Before the lockdown I was fetishizing about being ‘busy’ – but after a gig everything changed
Dog trainer, masseuse, CEO of a cleaning company were all alternative careers I considered during the lockdown when all of my stand-up gigs were gone and I really had fun going to bed at 8pm.
The acres of time I spent with my children made me realize how much time I had missed. I was so often physically there but so preoccupied with work … a show, a book, whatever I did, that a cardboard cut out of myself would have been just as useful and maybe a better cook.
Despite all the horrors of the pandemic, I loved being home and wondered if life would be better without the ruthless life of being a comedian. If you have a creative job, it is very difficult to walk away from it. There is always something to write, do, record, mourn.
I began to aspire to a job where the working day actually ended. Could I be a plumber? There’s an all-female plumbing company called Stopcocks, maybe I could train myself and join them, I thought. Then I could actually stop working.
I have taken the kids with me on tours very often and we have had wonderful adventures at comedy festivals around the world, traveling was always about me and my job and not ‘family time’ from the same way painting giant purple hearts all over our locked down hallway had been. More and more, this little fantasy grew in my head of doing something different with my life.
A neighbor of mine and I tried to buy the lease for our local cafe, which was for sale. My neighbor, whom I will call Sophie because that is her name, is a wedding dress designer and has had her own boutique for years and therefore had commercial experience.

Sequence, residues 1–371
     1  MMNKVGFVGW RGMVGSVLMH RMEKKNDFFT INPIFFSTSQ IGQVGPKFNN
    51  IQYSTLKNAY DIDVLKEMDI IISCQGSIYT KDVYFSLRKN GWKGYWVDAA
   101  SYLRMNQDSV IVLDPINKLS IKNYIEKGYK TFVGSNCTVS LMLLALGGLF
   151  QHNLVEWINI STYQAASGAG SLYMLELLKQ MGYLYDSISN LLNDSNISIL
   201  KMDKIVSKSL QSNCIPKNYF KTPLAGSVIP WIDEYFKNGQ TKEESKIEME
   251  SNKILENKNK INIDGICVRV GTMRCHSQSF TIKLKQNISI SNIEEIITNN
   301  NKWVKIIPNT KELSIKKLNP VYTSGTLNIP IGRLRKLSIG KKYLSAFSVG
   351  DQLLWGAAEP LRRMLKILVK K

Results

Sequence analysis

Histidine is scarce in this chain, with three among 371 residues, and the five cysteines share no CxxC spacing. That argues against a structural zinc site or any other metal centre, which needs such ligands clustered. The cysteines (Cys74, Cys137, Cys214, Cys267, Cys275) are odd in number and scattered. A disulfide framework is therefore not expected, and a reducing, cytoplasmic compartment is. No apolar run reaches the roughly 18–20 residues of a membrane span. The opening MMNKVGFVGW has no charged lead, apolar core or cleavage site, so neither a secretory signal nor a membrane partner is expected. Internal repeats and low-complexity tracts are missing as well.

I’m a comedian who finds her bills and receipts in sock drawers and in the cookie jar. Between us, we were a great team, she took care of the business side and I took care of drinking coffee and chatting with customers.
Alas, the owners have gone, as they put it in showbusiness (and, ultimately, in the cafe too) “another way”. We did not win the bidding war and the dream cafe Sophie and I imagined has turned into a Lebanese restaurant. Their food is delicious and a welcome addition to our region so it all ended well.
Sophie was not to be persuaded to start Ealing Healing and Cleaning with me – my business idea to go to people’s homes together, one of us giving them a massage while the other cleaned their kitchen – I still think it There is a void in the market for such a service. Imagine having an amazing massage while listening to the sound of someone else washing your pots. I dream of such a thing).
Last night, however, all my fanciful ideas of an alternate career for myself were pushed off a cliff after doing three gigs in one night at crowded indoor comedy clubs. There I was at the Top Secret Comedy Club in Leicester Square, jumping off the stage after my set in the downstairs room, then rushing to the upstairs room to do a second show. Then I flew to Bethnal Green for my closing slot at the Backyard Comedy Club. It was back, the crazy adrenaline rush that can shorten my life but nothing in the world can beat.
A lively audience, agitated, bursting with laughter, as happy to be back in their place as we comics were going to be back on stage. Ridiculously fun. This is the only place where I know what I’m doing and even if it goes wrong and I’m wrong, I always know why. Sounds logical to me. This is, in short, my job. The world of plumbing and heating services will have to do without me.